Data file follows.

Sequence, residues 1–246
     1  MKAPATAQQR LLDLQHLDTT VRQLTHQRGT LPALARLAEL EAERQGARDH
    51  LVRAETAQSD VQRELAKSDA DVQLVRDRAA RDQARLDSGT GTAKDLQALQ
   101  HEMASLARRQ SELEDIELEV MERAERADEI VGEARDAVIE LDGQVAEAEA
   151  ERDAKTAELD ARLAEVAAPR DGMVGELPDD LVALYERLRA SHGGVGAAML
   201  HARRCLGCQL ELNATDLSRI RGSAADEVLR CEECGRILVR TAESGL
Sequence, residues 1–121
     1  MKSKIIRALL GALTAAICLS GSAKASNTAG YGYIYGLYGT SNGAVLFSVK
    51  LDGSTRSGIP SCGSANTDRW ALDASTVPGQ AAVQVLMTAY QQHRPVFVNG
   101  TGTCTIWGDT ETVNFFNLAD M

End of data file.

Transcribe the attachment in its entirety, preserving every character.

Sequence, residues 1–246
     1  MKAPATAQQR LLDLQHLDTT VRQLTHQRGT LPALARLAEL EAERQGARDH
    51  LVRAETAQSD VQRELAKSDA DVQLVRDRAA RDQARLDSGT GTAKDLQALQ
   101  HEMASLARRQ SELEDIELEV MERAERADEI VGEARDAVIE LDGQVAEAEA
   151  ERDAKTAELD ARLAEVAAPR DGMVGELPDD LVALYERLRA SHGGVGAAML
   201  HARRCLGCQL ELNATDLSRI RGSAADEVLR CEECGRILVR TAESGL
Sequence, residues 1–121
     1  MKSKIIRALL GALTAAICLS GSAKASNTAG YGYIYGLYGT SNGAVLFSVK
    51  LDGSTRSGIP SCGSANTDRW ALDASTVPGQ AAVQVLMTAY QQHRPVFVNG
   101  TGTCTIWGDT ETVNFFNLAD M